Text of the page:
Etruscan Bronze Oinochoe with Snake Handle


An elegant Etruscan oinochoe featuring a cylindrical body, sharply pronounced shoulders, a trefoil lip and a single attached, handle extending from the shoulder to the rim. The handle is finely modelled in the form of a snake biting the rim of the vessel. A beautiful example of Etruscan bronze craftsmanship.


Date: Circa 5th-1st Century BC
Provenance: Ex. Gorny & Mosh, auction 248, lot 200, 3Oth June 2017.
Condition: Fine with beautiful green patination to the surface. Professionally restored.


Rituals related to wine were already present in Etruria since the end of the Bronze Age. However, contact with Greek culture marked a profound evolution. Wine became more deeply linked to the religious dimension, used collectively in celebrations to the gods and in funeral ceremonies. Wine became quickly the main character of social rituals, banquets and symposia. Among the Etruscans the cultivation of the vine itself was extremely important; priests were the only ones in charge of the vineyards cultivation technique and of the magical practices to preserve the vineyards from bad weather. Ancient Greek and Roman historians testify the great opulence and luxury of Etruscan banquets, where fine pottery and metal vessels and precious embroidered fabrics were exhibited.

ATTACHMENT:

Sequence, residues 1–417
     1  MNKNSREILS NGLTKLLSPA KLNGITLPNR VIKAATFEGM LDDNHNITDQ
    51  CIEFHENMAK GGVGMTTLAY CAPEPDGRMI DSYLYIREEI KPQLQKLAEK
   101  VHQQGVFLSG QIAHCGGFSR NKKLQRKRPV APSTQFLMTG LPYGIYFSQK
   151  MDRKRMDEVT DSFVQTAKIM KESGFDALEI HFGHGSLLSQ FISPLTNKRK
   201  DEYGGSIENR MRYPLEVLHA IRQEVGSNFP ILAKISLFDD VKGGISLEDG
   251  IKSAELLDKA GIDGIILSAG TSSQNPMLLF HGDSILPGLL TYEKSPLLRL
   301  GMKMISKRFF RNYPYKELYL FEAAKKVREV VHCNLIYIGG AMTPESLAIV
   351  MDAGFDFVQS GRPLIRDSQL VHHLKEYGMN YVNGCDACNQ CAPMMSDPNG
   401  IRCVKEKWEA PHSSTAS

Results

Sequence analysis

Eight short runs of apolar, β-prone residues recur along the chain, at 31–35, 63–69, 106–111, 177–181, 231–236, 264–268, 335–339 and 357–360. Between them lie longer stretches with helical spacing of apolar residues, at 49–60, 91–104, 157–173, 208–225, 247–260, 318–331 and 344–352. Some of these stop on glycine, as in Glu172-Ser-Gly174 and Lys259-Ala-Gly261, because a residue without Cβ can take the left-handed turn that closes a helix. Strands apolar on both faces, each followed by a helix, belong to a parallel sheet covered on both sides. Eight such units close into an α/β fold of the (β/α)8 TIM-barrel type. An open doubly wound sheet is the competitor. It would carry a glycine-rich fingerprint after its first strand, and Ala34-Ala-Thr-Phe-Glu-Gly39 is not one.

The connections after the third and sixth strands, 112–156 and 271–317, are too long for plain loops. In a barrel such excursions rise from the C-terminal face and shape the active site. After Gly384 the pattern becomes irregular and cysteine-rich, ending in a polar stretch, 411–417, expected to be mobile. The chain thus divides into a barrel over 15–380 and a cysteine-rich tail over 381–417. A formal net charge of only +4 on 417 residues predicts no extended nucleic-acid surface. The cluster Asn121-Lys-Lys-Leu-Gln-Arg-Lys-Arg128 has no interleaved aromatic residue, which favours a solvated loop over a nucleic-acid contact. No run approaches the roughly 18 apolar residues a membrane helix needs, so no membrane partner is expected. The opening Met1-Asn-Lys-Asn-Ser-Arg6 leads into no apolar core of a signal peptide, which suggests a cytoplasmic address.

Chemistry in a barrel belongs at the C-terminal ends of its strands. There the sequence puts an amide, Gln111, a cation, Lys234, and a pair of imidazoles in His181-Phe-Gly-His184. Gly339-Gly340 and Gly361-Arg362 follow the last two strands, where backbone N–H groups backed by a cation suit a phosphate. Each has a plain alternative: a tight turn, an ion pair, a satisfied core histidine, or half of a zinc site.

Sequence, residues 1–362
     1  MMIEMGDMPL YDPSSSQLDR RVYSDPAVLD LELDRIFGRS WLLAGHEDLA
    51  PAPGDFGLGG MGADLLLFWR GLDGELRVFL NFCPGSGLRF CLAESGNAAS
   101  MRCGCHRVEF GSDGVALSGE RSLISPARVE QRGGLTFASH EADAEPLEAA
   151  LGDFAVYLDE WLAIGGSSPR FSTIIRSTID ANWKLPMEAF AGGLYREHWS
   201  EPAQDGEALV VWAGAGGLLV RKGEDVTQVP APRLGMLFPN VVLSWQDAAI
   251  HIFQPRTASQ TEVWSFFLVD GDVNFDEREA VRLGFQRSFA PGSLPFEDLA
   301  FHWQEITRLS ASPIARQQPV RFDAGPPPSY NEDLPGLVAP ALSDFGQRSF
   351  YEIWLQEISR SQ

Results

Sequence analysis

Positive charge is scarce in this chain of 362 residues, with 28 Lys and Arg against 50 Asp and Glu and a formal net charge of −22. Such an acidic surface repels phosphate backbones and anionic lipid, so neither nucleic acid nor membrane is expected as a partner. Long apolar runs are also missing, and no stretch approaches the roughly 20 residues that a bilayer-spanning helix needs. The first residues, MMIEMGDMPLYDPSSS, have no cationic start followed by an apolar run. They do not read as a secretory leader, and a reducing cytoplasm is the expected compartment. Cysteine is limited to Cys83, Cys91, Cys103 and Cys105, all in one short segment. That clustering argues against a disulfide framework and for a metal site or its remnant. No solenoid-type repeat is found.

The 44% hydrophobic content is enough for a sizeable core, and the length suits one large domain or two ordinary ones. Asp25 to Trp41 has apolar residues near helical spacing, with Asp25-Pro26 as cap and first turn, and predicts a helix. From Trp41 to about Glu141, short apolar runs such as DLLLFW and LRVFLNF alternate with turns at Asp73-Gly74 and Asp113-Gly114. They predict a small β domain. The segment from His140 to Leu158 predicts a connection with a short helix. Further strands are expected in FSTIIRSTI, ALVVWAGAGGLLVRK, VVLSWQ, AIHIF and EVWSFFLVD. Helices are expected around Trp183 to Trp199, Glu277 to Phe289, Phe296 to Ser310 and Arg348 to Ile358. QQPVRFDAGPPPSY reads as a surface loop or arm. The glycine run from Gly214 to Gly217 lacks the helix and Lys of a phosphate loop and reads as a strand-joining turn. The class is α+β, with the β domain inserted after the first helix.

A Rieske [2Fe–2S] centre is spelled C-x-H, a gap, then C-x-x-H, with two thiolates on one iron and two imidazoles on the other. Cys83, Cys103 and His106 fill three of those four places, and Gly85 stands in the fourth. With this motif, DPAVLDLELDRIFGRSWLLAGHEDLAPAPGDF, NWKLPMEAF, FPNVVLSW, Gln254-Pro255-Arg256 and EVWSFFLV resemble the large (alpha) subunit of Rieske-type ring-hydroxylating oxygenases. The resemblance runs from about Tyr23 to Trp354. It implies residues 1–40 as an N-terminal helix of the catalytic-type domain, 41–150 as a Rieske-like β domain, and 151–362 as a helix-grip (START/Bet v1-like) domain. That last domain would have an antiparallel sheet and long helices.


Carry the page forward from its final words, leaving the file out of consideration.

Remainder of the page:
Weight 900 g
Dimensions H 24 cm



Reference: For similar artefact, The Met Museum, item 44.11.4